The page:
Three former University of Minnesota Duluth coaches, all women, filed a lawsuit against the university this week alleging they were discriminated against based on their gender and sexual orientation during their time working for the athletic department.
Shannon Miller, one of the most successful women’s hockey coaches in NCAA history, and her former colleagues Jen Banford (women’s soccer) and Annette Wiles (women’s basketball), all believe that this discrimination led directly to their exits from UMD. Miller and Banford’s contracts weren’t renewed last December, while Wiles left in June due to the hostile environment.
“I think that there’s a sector of our population that thinks that misogyny is fine,” Miller’s attorney, Dan Siegel — who won the two largest verdicts ever awarded in cases brought against Title IX — told ThinkProgress on Wednesday. Siegel considers this the strongest Title IX discrimination case that he’s ever seen.
“This case is compelling from a legal standpoint because it involves several employees corroborating each other, they are long-term and successful employees, and they allege discrimination that is blatant and explicit,” Noreen A. Farrell, the Executive Director of Equal Rights Advocates, told ThinkProgress via email. “Their case also has a universal appeal because discrimination based on gender and LGBT status is commonplace in athletics at the collegiate level.”
The coaches are accusing UMD athletic director Josh Berlo and others in the athletic department of discriminating against them and providing inferior resources to their departments than he provided for comparable men’s athletics.
“We are shedding some light on some very critical issues,’’ Miller told reporters in a press conference on Monday. “Sexism and homophobia are alive and well at the University of Minnesota.’’
Berlo asked Miller to resign last December, and when she refused, he immediately declined to renew her contract due to “financial reasons.” She was never offered a chance to take to take a pay cut, and male coaches were not cut. At the time of termination, Miller made $93,000 less than the UMD men’s hockey coach, Scott Sandelin.
The suit alleges that all three coaches were treated with explicit hostility and discrimination. One morning, Miller arrived to her office to find that the nameplate on her door had been replaced with a post-it saying “Dyke.” Michael Rietmulder of City Pages details some of Miller’s other complaints:
Starting in 2010, [Miller] received hate mail in her office mailbox, several calling her a “dyke,” often on athletics department stationary. Others included newspaper clippings showing how many fewer fans came to women’s hockey games than men’s games.
Things got worse after athletic director Josh Berlo started at UMD in 2013. On several occasions, Miller says Berlo made it clear that he wasn’t wild about gay people and apparently Canadians. Allegedly, Berlo once pressured her to fill a staff position with a straight white guy from Minnesota. Like Miller, her coaching staff was comprised of openly gay Canadian women and Berlo often grumbled about how “there are too many Canadians here,” according to a complaint.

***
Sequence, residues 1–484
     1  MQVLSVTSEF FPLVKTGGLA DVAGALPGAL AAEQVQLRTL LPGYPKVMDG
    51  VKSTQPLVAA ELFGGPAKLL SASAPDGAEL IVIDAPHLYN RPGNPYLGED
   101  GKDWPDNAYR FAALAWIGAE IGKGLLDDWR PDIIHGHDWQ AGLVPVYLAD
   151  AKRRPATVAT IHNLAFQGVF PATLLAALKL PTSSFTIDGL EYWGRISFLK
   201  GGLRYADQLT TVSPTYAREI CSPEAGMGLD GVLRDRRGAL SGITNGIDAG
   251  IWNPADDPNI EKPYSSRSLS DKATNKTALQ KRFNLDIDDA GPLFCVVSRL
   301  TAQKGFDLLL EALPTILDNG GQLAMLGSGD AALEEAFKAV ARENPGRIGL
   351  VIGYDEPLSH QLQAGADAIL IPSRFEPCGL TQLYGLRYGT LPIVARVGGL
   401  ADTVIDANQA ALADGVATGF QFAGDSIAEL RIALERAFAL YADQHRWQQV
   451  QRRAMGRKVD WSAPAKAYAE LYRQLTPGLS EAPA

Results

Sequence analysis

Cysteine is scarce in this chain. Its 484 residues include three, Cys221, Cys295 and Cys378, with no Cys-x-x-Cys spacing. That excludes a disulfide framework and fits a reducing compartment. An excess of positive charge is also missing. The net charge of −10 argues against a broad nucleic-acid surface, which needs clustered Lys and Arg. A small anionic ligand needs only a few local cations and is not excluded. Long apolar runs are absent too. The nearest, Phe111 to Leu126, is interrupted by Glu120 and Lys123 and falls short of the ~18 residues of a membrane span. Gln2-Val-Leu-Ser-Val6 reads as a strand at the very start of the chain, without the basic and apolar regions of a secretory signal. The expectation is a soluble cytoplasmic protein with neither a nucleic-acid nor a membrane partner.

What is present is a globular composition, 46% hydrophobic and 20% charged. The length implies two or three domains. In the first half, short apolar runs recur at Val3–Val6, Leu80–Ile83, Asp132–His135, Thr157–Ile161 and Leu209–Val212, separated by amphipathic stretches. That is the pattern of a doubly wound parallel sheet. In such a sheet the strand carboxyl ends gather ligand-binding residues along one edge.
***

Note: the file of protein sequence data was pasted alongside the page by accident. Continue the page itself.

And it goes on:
All three former coaches allege that they were constantly undermined and belittled by colleagues in the athletic department, with one unnamed staffer even threatening to punch Banford in the face. Wiles, who came out publicly in 2013, said that she was “shunned and excluded” after her announcement.
“Colleges that push out women and lesbians as coaches are sending a message to their female student athletes that women are not valued enough to lead their teams,” Farrell said. “This is precisely the stereotyping that kept women out of sports for decades in this country. It harms girls, it harms women, and it harms an important point of Title IX and sports – to foster confidence, build trust, and develop leaders who can set and meet goals. This is a civil rights backslide we cannot tolerate.”
Siegel said this lawsuit is a meaningful not only for these coaches involved and UMD, but for female and LGBT coaches across the nation, especially those at universities that receive Title IX funding. A strong judgment could really send a message that discrimination driven by sexism and homophobia will not be tolerated in college athletics.
“We’ve seen tremendous benefits of Title IX, including a tenfold increase of women participating in college athletics, but we’ve see whole areas of resistance to women’s rights,” Siegel said. “Many women coaches have lost their jobs to men as TItle IX has forced the salaries for coaches of women’s sports to increase. So you’re actually seeing a decrease in women’s coaches in college athletics. This is the next area for change and enforcement.”
The suit, which was filed against the U Board of Regents, asks for back pay, future pay, and damages from emotional distress, and demands a jury trial. No specific amount is asked for. Siegel’s historical Title IX judgement came back in 2007, when he sued Fresno State University on behalf of two fired female coaches. The plaintiffs were awarded payments of $19.1 million and $5.85 million.
“We are committed to fostering a culture of diversity and inclusion here at UMD,’’ UMD Chancellor Lendley C. Black told reporters. “I’m quite confident that throughout this process, it will be made clear that our decisions were made in the best interests of UMD. I’m confident we made the right decisions.’’